This commentary is by Rohit Sharma, a resident of Roxbury.

The lead furbearer biologist at the Fish & Wildlife Department made a case for recreational trapping in her recent commentary, citing Massachusetts as a failed example where a ban on leghold trapping since 1996 has, according to her, resulted in an explosion in beaver population. 

She also listed four prime reasons to allow trapping:

1. Conservation efforts cannot be carried out without lethal trapping.

2. There are no alternatives to gathering tissue and genetic samples for study except through lethal sampling.

3. The majority of Vermonters support recreational trapping.

4. Recreational trapping is essential because it provides food and fur.

Regarding the beaver population in Massachusetts: It is remarkable that the lead biologist chose to report only partial facts. Here are the missing facts:

  1. Beaver populations in Massachusetts almost doubled, from 12,800 in 1993 to 24,000 in 1996, before the trapping ban went into effect. Let me reiterate: the number doubled in three years when trapping was still legal.
  2. Beaver populations are self-regulating and territorial, and do not grow beyond available territory (one family every 0.4-1.4 stream kilometer). These data are from a key 1978 study published at UMass.
  3. The study also established that beaver populations subject to trapping show earlier sexual maturation of females (24 months as opposed to 32 months otherwise). Lethal trapping actually promotes population growth.
  4. Three long-term studies from Allegheny Park, New York, Sagehen Creek, California, and the Quabbin Reservation in Massachusetts have conclusively shown a sigmoidal pattern of beaver populations — there is increase, then decline, and eventually stabilization well below the potential 100% occupancy in numbers of available territory. The three studies yielded numbers between 35% and 60% of maximum capacity. 

Trapping is not a management tool. In Massachusetts, just as in Vermont, there are only a few hundred trappers whose efforts cannot have an active effect on statewide population management. In other words, “in dubio pro natura”: When in doubt, let nature take its course and self-regulate, for it will. In beaver populations, in coyote populations, and many, many other species. 

Trapping and conservation: Science thrives in collaboration and in the study of models. I will humbly suggest to Fish & Wildlife that it has quite literally 118 scientific models available to it of countries and states that have banned trapping, and yet their conservation efforts continue to thrive and flourish. 

Costa Rica is a prime example, doing remarkable work in this field. Too brown, like me? How about our own states of California and Colorado? Too West Coast, you say? Well, how about good ol’ Massachusetts then? These are but only four examples — there are 114 others!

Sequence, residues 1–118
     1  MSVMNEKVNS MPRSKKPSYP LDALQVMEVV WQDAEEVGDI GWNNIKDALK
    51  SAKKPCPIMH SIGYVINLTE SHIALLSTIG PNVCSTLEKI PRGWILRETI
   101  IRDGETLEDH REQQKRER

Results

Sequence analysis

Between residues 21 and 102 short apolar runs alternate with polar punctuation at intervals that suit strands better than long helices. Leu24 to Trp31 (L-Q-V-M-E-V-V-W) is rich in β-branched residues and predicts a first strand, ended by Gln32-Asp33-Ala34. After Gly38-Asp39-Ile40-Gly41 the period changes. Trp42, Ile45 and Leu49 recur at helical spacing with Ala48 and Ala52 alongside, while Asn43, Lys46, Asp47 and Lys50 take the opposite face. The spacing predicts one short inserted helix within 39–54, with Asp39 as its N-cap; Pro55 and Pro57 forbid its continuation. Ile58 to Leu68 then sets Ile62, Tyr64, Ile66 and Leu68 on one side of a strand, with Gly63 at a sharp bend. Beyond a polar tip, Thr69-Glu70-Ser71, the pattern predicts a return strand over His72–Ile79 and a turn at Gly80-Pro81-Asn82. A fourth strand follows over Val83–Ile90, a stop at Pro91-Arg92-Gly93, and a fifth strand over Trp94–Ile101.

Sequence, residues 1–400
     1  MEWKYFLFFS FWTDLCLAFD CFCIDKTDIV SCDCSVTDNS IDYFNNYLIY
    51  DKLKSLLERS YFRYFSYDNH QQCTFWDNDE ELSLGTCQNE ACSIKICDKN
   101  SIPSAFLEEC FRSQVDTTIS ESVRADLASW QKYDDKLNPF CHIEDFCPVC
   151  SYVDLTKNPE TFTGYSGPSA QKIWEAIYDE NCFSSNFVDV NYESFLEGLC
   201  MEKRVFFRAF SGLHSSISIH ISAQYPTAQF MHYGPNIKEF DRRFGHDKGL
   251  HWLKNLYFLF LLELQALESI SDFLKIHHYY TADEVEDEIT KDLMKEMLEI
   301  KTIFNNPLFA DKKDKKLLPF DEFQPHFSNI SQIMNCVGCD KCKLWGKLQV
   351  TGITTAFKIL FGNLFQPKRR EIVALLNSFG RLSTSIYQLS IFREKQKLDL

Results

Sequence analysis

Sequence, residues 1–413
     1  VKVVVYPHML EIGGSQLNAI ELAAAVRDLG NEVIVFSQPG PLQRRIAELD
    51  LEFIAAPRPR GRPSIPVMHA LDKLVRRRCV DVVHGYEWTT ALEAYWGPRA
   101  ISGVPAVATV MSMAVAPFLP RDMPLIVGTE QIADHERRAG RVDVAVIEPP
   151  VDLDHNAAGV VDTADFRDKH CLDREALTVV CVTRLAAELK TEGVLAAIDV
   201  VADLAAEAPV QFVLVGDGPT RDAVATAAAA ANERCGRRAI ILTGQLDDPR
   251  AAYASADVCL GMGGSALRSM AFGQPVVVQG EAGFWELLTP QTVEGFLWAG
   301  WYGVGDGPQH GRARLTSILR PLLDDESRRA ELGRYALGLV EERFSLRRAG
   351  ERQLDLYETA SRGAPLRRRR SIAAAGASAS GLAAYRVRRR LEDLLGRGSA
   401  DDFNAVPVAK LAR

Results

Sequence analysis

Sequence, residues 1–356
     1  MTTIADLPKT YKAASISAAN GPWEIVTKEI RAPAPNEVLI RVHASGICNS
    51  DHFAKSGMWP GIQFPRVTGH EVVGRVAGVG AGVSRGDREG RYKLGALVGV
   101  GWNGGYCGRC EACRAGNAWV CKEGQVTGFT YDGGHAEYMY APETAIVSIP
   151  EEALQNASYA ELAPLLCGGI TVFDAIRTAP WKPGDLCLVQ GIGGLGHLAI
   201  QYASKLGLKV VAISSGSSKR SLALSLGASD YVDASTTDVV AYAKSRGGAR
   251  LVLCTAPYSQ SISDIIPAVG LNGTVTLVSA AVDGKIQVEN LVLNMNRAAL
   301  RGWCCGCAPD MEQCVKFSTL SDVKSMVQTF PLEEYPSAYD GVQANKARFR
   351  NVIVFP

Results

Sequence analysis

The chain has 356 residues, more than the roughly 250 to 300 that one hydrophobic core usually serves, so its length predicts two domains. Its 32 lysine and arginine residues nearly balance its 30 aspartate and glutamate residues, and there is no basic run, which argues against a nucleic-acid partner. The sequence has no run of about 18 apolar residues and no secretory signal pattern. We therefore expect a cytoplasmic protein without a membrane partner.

On whether trapping is essential to gathering data: About 200 years ago, the vastly complicated and problematic John James Audubon compiled a phenomenal work of ornithology. His “research” involved shooting, killing and gathering hundreds of birds a day. 

Would ornithologists today be justified in following his example? Of course not, because there have been vast improvements in methodologies, and lethal sampling is not necessary. Here is a small list of alternatives to lethal sampling.

  • Camera traps for studying population densities, habitat occupancy and behavioral patterns.
  • Drones to access sensitive and/or inaccessible ecosystems. 
  • Fecal DNA sampling.
  • Hair trapping.
  • Skin swabbing.
  • Saliva gathered non-invasively using baits on porous materials, mineral licks, remnants of prey, and damaged crops.
  • DNA gathered from scent marks, snow footprints, urine, antlers, etc. 
  • Environmental DNA (e-DNA).
  • Tissue samples from roadkill, and animals dying of natural causes. 

These methods have been used in lieu of lethal trapping for numerous studies of animals as varied as squirrels, foxes and golden wolves to Asian elephants and Indian rhinos.

On whether most Vermonters support trapping: This, too, is not true. According to Vermont Fish & Wildlife’s own 2022 survey, 68 percent of Vermonters oppose recreational trapping. UVM’s prestigious Center for Rural Studies showed that 75 percent of Vermonters oppose leghold and body-crushing traps. The company that handles F&W surveys recommended using the term “regulated” to improve the results of one of its survey questions, which is the question it keeps referencing to defend trapping (see internal email). This is deceptive PR, not science.

On trapping for food and fur: To the best of my knowledge, furbearers do not constitute any significant portion of our diet. I am sure there are trappers out there who in their bravado to prove me wrong would ingest anything. Anyone attempting a serious argument, however, that furbearers are trapped for food must be preparing to eat crow. 

The fur market has shrunk dramatically, and by my estimate shrunk down to just two key demographics: Self-styled shamans gearing up to storm the Capitol or self-infatuated, uninformed congresspersons dressing to yell and disrespect the presidency. 

At least the latter category should give Fish & Wildlife and all proponents of trapping the chance to make one somewhat truthful statement: “Fur Is Greene” has a wee bit of homophonic truth to it, and might just be Fish & Wildlife’’s best argument for trapping.

Pieces contributed by readers and newsmakers. VTDigger strives to publish a variety of views from a broad range of Vermonters.